Source: Wikipedia.org  and Research

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James Brown – In Celebration of Icons – On their shoulder’s we stand!

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James Joseph Brown (May 3, 1933 – December 25, 2006) was an American singer and dancer. The founding father of funk music and a major figure of 20th-century popular music and dance, he is often referred to as “The Godfather of Soul”. In a career that spanned six decades, Brown influenced the development of several music genres.

Brown began his career as a gospel singer in Toccoa, Georgia. Joining an R&B vocal group called the Avons that later evolved to become The Famous Flames, Brown served as the group’s lead singer. First coming to national public attention in the late 1950s as a member of the singing group The Famous Flames with the hit ballads “Please, Please, Please” and “Try Me”, Brown built a reputation as a tireless live performer with the vocal group The Famous Flames and his backing band, sometimes known as the James Brown Band or the James Brown Orchestra.

Brown’s success peaked in the 1960s with the live album Live at the Apollo and hit singles such as “Papa’s Got a Brand New Bag”, “I Got You (I Feel Good)” and “It’s a Man’s Man’s Man’s World”. During the late 1960s, Brown moved from a continuum of blues and gospel-based forms and styles to a profoundly “Africanised” approach to music-making that influenced the development of funk music. By the early 1970s, Brown had fully established the funk sound after the formation of The J.B.’s with records such as “Get Up (I Feel Like Being a) Sex Machine” and “The Payback”.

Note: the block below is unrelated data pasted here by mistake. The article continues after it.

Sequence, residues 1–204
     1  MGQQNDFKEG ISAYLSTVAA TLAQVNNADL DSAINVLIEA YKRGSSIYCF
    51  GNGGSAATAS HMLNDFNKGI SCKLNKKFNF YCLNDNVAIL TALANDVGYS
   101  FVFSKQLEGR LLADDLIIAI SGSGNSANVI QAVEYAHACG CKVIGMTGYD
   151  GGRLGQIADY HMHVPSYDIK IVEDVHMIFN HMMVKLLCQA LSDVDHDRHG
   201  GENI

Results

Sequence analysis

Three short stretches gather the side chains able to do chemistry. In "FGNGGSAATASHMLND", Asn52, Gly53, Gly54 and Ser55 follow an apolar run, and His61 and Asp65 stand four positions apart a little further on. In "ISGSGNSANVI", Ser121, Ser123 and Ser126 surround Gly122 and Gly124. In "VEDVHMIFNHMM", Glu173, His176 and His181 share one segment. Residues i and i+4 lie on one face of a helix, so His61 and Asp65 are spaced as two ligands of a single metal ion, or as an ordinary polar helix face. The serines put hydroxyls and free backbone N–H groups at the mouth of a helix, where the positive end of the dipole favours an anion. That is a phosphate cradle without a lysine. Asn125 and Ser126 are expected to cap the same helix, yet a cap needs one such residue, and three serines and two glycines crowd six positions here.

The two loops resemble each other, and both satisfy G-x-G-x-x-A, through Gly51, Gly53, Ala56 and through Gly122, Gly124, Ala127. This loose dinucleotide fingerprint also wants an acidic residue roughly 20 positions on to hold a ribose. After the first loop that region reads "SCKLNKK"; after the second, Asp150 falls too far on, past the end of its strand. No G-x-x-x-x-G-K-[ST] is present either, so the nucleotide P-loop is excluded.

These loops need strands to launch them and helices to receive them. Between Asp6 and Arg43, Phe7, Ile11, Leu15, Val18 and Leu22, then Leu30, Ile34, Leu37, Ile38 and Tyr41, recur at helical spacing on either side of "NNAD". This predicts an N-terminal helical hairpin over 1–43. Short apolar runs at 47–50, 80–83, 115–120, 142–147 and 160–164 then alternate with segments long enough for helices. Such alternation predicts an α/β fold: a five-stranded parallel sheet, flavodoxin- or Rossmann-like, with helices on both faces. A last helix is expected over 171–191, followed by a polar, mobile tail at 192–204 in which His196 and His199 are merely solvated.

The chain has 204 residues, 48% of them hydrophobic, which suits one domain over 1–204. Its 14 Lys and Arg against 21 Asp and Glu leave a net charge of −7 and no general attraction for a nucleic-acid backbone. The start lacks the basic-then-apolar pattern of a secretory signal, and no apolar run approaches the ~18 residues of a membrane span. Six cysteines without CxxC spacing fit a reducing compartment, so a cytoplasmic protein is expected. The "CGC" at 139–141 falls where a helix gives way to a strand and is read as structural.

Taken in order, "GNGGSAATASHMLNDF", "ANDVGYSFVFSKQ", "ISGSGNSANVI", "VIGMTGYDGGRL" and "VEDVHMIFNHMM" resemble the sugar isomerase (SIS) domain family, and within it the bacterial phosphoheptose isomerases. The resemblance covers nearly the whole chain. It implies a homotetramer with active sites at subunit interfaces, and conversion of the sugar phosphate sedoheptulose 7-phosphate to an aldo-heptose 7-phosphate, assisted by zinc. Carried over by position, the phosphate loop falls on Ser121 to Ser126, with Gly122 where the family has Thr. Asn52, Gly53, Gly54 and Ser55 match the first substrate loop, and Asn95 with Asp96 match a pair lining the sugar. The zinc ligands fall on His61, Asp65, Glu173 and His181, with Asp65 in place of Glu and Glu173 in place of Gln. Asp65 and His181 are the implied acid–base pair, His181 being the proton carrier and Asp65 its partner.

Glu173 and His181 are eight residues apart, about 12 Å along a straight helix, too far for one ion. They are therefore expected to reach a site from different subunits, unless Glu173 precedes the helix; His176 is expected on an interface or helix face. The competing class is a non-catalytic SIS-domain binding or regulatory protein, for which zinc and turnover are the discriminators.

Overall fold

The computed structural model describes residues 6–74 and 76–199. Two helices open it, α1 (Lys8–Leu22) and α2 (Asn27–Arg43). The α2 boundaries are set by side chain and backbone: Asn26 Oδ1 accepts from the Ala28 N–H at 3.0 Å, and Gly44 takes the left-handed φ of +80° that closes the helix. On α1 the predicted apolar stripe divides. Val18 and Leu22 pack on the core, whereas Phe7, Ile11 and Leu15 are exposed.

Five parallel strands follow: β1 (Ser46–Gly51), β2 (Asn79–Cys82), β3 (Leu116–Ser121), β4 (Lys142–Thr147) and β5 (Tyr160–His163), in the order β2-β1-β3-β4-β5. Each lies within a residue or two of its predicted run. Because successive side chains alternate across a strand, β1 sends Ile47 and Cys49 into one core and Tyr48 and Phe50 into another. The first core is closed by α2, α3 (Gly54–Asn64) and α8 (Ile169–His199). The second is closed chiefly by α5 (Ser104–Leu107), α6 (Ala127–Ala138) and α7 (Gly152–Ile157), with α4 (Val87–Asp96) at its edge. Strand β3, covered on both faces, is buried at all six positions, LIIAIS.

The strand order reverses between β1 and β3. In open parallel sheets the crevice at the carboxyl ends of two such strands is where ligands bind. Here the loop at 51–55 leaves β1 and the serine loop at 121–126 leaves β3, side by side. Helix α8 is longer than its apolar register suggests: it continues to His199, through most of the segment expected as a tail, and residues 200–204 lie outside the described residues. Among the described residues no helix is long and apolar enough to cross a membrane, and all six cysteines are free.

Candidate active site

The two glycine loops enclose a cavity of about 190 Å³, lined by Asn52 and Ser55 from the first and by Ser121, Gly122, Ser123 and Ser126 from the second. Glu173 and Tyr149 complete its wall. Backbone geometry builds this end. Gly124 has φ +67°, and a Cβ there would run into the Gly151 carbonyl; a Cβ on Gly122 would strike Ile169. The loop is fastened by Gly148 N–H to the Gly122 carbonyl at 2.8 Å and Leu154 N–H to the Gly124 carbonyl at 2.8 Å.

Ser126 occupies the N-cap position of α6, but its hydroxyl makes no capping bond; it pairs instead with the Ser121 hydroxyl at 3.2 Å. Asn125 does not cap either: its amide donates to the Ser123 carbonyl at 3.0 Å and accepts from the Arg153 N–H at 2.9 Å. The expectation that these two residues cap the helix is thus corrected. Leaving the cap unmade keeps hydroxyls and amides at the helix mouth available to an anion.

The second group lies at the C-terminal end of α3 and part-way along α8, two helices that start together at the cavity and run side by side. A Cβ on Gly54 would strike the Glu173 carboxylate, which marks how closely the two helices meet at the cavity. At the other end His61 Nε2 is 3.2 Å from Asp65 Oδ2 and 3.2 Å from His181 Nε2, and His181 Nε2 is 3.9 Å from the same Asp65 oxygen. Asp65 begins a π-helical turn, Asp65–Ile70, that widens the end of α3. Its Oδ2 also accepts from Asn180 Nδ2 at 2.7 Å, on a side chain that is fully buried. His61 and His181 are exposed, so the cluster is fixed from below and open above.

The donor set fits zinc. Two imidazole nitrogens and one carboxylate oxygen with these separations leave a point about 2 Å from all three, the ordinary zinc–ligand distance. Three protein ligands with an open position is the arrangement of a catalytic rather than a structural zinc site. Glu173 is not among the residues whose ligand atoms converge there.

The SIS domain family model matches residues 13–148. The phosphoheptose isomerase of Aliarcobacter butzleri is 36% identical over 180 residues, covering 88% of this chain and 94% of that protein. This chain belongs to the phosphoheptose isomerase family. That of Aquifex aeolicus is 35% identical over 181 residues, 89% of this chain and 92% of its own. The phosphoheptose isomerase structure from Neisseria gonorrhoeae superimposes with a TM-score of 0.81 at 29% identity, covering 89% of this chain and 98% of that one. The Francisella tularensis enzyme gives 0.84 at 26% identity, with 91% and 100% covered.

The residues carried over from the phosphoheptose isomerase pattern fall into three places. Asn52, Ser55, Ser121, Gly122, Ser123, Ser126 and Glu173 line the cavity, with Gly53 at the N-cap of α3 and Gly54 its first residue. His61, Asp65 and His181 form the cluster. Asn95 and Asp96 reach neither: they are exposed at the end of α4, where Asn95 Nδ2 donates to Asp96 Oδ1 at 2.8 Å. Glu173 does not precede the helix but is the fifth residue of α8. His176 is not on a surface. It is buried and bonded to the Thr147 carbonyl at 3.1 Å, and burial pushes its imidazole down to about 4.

Brown also became notable for songs of social commentary, including the 1968 hit “Say It Loud – I’m Black and I’m Proud”. Brown continued to perform and record for the duration of his life until his death in 2006 from congestive heart failure.

Brown recorded 16 number-one singles on the Billboard R&B charts. Brown also holds the record as the artist to have charted the most singles on the Billboard Hot 100 which did not reach number one on that chart. Brown was honoured by many institutions including inductions into theRock and Roll Hall of Fame and Songwriters Hall of Fame. In Joel Whitburn’s analysis of the Billboard R&B charts from 1942 to 2010, Hot R&B Songs, James Brown is ranked as number one in The Top 500 Artists. Brown is ranked seventh on the music magazine Rolling Stone’s list of its 100 greatest artists of all time. Also according to Rolling Stone magazine, Brown is reported to be the most sampled artist of all time, being sampled 2x more than the second most sampled artist, Public Enemy. The mayor of Cincinnati proclaimed December 22 as James Brown Day.

We honour you as an Icon of our time!

LACE NEWS:
If you come across any of your creation’s and you have not been credited correctly, please get in touch with us as we do not wish to offend anyone, this page is intended to give information of what we do and what is going on around in Africa fashion and Education. We are creating awareness of information in one area to emerging designers and public to get inspired by. Much Love LACE…..

Source: Wikipedia.org  and Research

Ella Fitzgerald – In Celebration of Icons – On their shoulder’s we stand!